Skull of early human found with 'pinhead' brain like a gorilla's

A spectacularly preserved skull of one of the earliest human ancestors to emerge from Africa about 1.75 million years ago has been unearthed by scientists in Georgia.

A spectacularly preserved skull of one of the earliest human ancestors to emerge from Africa about 1.75 million years ago has been unearthed by scientists in Georgia.

The skull has the smallest brain of any unambiguously human fossil, indicating that early humans did not need big brains to journey out of Africa.

Scientists found the skull and jawbone at Dmanisi, which has already revealed fossils of a sabre-toothed tiger and prehistoric rhinoceros, deer, wolf and horse. It is the third set of human remains believed to be of early Homo erectus to be dug from the site. However, the petite size of the skull with its thin brow ridge and short nose – but huge canine teeth – has amazed palaeontologists, who believe it might be of a female.

Professor Chris Stringer, head of human origins at the Natural History Museum in London, said: "This latest skull is astonishingly well preserved and quite exceptional. It's also completely unexpected."

The skull's features are human yet the brain is not much bigger than that of an ape. These early people would have looked human and used simple stone tools.

"This is astonishing. If you looked hard enough you could probably find a gorilla with a brain that big. They may have been pinheads but below the neck they would have looked largely human," he said.

David Lordkipanidze, of the Georgian Academy of Sciences in Tbilisi, published details of the find today in the journal Science. It is said to be the largest collection of individuals from any archaeological site older than about 800,000 years.

The difference in size between this skull and two much bigger skulls and jawbones found with it suggests either that two species lived at the site or that the difference in size between males and females was once much bigger than it is in modern humans.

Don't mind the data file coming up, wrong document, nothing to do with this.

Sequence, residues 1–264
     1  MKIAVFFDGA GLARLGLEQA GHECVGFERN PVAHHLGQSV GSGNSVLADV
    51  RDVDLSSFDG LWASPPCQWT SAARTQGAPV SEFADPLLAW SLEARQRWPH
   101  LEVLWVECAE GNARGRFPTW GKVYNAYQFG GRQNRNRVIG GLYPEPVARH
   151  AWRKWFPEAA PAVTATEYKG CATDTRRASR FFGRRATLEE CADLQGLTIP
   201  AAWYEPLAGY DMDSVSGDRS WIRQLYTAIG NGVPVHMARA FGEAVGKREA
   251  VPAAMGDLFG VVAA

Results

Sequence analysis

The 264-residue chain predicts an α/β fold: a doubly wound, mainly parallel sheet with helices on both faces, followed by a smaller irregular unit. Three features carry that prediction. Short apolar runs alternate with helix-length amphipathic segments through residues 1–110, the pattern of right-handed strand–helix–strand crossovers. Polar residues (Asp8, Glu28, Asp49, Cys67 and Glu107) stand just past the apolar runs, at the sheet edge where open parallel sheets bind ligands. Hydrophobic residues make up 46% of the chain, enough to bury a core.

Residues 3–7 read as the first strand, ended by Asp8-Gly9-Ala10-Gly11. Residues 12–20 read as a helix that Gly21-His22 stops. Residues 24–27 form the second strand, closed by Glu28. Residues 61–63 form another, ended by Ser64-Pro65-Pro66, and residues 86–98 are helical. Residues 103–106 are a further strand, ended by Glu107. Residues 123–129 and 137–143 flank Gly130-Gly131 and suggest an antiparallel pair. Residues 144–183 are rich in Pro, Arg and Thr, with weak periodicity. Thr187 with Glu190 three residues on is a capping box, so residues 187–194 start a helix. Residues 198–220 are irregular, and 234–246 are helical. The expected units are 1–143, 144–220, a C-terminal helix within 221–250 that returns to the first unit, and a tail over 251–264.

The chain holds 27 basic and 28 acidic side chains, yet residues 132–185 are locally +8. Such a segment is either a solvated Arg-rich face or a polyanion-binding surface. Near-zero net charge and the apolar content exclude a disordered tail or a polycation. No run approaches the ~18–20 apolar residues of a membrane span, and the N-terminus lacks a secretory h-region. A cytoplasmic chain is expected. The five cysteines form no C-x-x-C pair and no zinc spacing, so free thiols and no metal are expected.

"Here we have the chance to study a population. We are seeing a difference mainly in size, not morphology [shape]. For now, my hypothesis is that we are seeing variability within the population," he writes.

Start your day with The Independent, sign up for daily news emails
  • Get to the point
Latest stories from i100
Have you tried new the Independent Digital Edition apps?
Independent Dating
and  

By clicking 'Search' you
are agreeing to our
Terms of Use.

iJobs Job Widget
iJobs General

Recruitment Genius: Senior Digital Marketing Consultant

£28000 - £45000 per annum: Recruitment Genius: A Senior Digital Marketing Cons...

Recruitment Genius: Assistant Stores Keeper

£16640 - £18500 per annum: Recruitment Genius: An Assistant Stores Keeper is r...

Recruitment Genius: Claims Administrator

£16000 - £18500 per annum: Recruitment Genius: This is an excellent opportunit...

Recruitment Genius: Software Developer - C# / ASP.NET / SQL

£17000 - £30000 per annum: Recruitment Genius: Developer required to join a bu...

Day In a Page

'It was first time I had ever tasted chocolate. I kept a piece, and when Amsterdam was liberated, I gave it to the first Allied soldier I saw'